Blog - Grasping Vocation

Religious Ruts in Your Work World

Wednesday, March 31, 2010

Can you think of anything more powerful than the Word of God? Nine times Genesis 1 explains creation with the words “God said.” Psalm 33:9 sums it all up: “…he spoke, and it came to be.” Jesus, the God-Man, drove evil spirits out of people “with a word.” And he even now is “sustaining all things by his powerful word” (Hebrews 1:3). What could possibly stand in the way of such power?

Jesus tells us in Matt. 15:6: man-made religious tradition. In answering a delegation of Pharisees and Bible experts who had criticized his disciples for breaking traditional teaching, Jesus said, “…you nullify the word of God for the sake of your tradition.” Nullify translates a word that means to make ineffective. It means to annul (as in annulling a marriage). It means to make void (as in voiding a check). In other words, it cancels the benefits of whatever was nullified.

Tradition! In Fiddler on the Roof, Tevye loved it. But Jesus warns us our religious traditions wield an awesome power to block us from the blessing of God's Word. To expose and oppose such traditions, Jesus repeatedly uses two phrases. “You have heard that it was said” sums up the traditional teaching. “But I tell you” corrects the tradition with the truth. For example, in Matthew 5:43-44, Jesus reminds them, “You have heard that it was said, 'Love your neighbor and hate your enemy.' But I tell you: Love your enemies….”

Man-made religious traditions didn't die out with the Pharisees. They're alive and well today. And many of them can still nullify the Word of God for Christ-followers in the world of work. In the next few weeks, I hope to expose and oppose a number of these traditions that thwart the effectiveness of believers in their workplaces.

Following Jesus' model, I'll use the words, “You have heard…” to introduce the tradition, followed by the words, “But Jesus says…” to counter with the biblical corrective. Here's a preview of the next blog topic. “You have heard that everyday non-religious work is secular. But Jesus says God's world is not split into sacred and secular zones.”

In the meantime, let me hear from you. What religious tradition affecting the workplace would you place after the words, “You have heard…”? And how would you finish the sentence that begins, “But Jesus says…”?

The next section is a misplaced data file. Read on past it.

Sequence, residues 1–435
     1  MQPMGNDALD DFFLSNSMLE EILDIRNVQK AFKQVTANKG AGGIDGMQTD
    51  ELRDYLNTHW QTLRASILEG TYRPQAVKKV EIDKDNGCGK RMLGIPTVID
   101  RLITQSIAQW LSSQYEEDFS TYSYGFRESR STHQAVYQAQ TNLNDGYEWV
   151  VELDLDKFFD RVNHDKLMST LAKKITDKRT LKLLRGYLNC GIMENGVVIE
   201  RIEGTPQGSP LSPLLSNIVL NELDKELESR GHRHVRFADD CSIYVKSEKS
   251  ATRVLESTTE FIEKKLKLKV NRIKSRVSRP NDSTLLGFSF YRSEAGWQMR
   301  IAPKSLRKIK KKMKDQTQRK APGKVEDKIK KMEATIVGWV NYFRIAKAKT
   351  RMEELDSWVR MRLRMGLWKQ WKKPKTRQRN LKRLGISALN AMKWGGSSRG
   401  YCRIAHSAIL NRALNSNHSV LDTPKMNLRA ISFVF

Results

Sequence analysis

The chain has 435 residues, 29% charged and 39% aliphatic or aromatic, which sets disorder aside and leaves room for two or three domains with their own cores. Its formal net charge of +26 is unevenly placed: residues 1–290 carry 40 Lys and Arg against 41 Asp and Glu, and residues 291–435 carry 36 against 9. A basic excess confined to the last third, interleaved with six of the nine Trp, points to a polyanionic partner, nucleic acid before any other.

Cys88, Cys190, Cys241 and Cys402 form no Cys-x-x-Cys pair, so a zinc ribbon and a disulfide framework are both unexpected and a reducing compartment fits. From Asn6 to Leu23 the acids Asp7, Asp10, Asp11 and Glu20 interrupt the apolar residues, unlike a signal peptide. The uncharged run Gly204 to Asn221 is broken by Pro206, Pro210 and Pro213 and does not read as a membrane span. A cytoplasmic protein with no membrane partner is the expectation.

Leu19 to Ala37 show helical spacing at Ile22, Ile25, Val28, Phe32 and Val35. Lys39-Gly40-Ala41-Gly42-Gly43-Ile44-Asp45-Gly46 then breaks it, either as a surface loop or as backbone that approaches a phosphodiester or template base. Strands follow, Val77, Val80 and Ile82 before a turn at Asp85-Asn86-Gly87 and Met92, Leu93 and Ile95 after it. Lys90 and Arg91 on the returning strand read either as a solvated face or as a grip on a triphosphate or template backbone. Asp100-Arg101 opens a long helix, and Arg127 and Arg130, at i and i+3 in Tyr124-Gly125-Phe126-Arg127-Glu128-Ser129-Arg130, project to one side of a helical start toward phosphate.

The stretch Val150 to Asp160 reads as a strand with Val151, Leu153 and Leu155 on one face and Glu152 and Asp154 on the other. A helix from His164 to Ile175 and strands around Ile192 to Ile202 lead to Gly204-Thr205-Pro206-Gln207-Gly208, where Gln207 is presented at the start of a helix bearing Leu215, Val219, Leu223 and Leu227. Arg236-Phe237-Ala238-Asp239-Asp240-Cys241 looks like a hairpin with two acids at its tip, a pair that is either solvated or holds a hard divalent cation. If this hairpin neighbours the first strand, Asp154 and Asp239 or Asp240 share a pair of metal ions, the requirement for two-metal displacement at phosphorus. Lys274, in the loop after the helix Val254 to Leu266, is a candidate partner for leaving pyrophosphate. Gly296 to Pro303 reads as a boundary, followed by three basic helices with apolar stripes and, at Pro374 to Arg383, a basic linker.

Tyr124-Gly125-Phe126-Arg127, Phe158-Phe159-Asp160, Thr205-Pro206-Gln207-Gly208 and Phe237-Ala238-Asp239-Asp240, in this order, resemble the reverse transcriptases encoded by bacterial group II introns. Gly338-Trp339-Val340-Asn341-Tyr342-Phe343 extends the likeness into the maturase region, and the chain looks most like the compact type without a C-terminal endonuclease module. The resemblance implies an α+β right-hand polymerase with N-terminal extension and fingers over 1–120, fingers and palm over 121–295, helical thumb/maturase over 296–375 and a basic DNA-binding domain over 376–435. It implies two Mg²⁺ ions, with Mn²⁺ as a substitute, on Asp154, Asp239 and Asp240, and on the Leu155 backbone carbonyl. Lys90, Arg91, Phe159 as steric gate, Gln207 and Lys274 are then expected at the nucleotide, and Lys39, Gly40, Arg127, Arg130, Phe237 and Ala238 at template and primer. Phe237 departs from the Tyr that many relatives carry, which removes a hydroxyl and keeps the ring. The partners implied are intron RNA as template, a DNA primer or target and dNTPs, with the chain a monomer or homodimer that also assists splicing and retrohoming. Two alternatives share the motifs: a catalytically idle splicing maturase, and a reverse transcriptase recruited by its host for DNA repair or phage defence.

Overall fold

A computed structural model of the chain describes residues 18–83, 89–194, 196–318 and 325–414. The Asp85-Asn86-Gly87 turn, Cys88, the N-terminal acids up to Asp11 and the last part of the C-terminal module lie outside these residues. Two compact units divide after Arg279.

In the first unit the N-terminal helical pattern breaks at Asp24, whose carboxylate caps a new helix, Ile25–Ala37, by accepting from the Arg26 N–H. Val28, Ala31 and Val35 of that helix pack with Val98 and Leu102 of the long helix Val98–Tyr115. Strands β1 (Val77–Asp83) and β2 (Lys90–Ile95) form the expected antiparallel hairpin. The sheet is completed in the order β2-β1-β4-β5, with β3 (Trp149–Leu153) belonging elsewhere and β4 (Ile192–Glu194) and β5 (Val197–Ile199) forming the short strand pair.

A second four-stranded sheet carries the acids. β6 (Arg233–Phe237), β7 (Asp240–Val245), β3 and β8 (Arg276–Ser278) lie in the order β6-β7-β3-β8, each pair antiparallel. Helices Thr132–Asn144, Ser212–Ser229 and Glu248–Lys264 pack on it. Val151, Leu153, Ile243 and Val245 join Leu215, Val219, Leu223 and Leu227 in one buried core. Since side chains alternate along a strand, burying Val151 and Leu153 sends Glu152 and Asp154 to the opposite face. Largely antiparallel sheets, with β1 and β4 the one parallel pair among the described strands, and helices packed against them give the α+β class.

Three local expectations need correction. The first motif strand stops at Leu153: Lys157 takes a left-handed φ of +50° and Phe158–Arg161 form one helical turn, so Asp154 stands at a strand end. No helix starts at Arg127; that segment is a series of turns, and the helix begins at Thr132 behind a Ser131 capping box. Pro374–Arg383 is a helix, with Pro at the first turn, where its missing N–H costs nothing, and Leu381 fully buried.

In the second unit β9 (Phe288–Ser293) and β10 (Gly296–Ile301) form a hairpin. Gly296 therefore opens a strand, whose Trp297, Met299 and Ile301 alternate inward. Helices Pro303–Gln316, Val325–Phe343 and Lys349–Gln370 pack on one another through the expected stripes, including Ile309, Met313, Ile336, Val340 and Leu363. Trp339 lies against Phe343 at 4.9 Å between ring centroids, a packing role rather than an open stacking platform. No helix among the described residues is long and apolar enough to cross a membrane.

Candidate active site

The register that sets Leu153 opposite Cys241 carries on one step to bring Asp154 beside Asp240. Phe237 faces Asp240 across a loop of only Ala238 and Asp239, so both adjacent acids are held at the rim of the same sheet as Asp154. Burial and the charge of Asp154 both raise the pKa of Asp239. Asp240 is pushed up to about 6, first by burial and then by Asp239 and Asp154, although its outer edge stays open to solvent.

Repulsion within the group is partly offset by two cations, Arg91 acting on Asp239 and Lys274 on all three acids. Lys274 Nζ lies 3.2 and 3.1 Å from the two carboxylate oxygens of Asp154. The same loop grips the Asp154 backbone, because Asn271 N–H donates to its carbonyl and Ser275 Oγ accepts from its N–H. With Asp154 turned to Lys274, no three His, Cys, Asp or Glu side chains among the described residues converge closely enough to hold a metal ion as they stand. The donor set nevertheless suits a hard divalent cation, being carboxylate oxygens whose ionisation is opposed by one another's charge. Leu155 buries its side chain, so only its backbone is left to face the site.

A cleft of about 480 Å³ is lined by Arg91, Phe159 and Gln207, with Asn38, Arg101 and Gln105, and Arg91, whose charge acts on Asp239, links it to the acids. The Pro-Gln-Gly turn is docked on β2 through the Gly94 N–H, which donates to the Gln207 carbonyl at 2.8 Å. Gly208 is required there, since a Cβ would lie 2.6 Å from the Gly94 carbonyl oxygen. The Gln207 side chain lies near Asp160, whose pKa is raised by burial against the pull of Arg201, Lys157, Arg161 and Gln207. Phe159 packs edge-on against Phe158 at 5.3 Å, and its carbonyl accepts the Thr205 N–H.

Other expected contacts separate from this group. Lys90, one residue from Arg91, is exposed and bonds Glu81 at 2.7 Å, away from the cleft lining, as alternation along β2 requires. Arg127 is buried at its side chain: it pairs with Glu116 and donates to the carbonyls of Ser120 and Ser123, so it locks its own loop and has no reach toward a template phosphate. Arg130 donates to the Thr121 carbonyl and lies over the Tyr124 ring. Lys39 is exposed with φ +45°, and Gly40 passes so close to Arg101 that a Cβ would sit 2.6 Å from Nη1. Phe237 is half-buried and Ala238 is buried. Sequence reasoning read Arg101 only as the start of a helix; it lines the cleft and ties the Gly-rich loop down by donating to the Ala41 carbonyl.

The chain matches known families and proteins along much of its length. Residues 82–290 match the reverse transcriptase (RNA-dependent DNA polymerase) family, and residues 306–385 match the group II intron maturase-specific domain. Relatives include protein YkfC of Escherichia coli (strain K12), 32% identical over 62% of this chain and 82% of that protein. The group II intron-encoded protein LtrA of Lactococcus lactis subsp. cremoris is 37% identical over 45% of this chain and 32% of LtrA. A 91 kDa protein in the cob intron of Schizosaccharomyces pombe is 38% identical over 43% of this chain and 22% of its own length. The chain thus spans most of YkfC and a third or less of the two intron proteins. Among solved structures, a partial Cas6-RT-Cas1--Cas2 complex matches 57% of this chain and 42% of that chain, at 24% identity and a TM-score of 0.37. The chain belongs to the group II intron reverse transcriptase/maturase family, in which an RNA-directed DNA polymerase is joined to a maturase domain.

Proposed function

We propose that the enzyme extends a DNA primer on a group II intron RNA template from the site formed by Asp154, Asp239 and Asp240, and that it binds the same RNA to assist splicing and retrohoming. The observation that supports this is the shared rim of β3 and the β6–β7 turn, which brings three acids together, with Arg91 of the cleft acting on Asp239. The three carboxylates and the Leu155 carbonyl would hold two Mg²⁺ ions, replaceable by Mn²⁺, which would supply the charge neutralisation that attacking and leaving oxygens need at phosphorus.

(Go to Part 2)

Comments (3)

James W. Hardie (4/1/2010 5:39:24 PM)
The world says you can't run a business and follow Christ's teaching. You will go broke.

But God's Word tells us that the Apostle Paul worked as a tentmaker and carried out an amazing ministry at the same time. He was in the "tentmaking" business. Acts:20:33-35 "I have coveted no man's silver or gold or apparel. Yes, you yourselves know that these hands have provided for my necessities and those who were with me. I have shown you in every way, by laboring like this, that you must support the weak." See also I Corinthians 9:18 and 2 Thessalonians 3:7-9 and Acts 20:33-35. Paul was in business to be an example to all Christians in business, that they can be in business and be true to God's Word and be successful plus have ministry, and what a ministry it was."
Joe Navarra (4/5/2010 11:10:26 AM)
For some religions to exist they do what they can to keep their belief in place, but it is unfortunate that people are so involved with tradition and can't spiritually grow.

I know some people that do not attend church and they are part of a denomination that is well known, but these people would just indoctrinate their children to the religion without really knowing what it means to have a relationship with Christ. It's all about following a tradition and having a title. There are people that do attend these churches and are very religious, but I don't think that they can spiritually grow since the church chokes people with strict traditions. These people are kept in a shell by believing that you won't be saved if you are not of that denomination and the rest of the churches are not real.

Marcus Goodyear (6/16/2010 6:56:23 AM)
Larry, I am loving this site. Great content here. I agree with Joe that tradition can be a dangerous thing when it supercedes a relationship with Jesus and the community of believers.

On the other hand, I confess that I find tradition to be comforting as I get older. Surely there's some middle ground where we can change slowly, honoring the young generations who want to make their mark and the older generations who have learned to reach out to God in particular ways.

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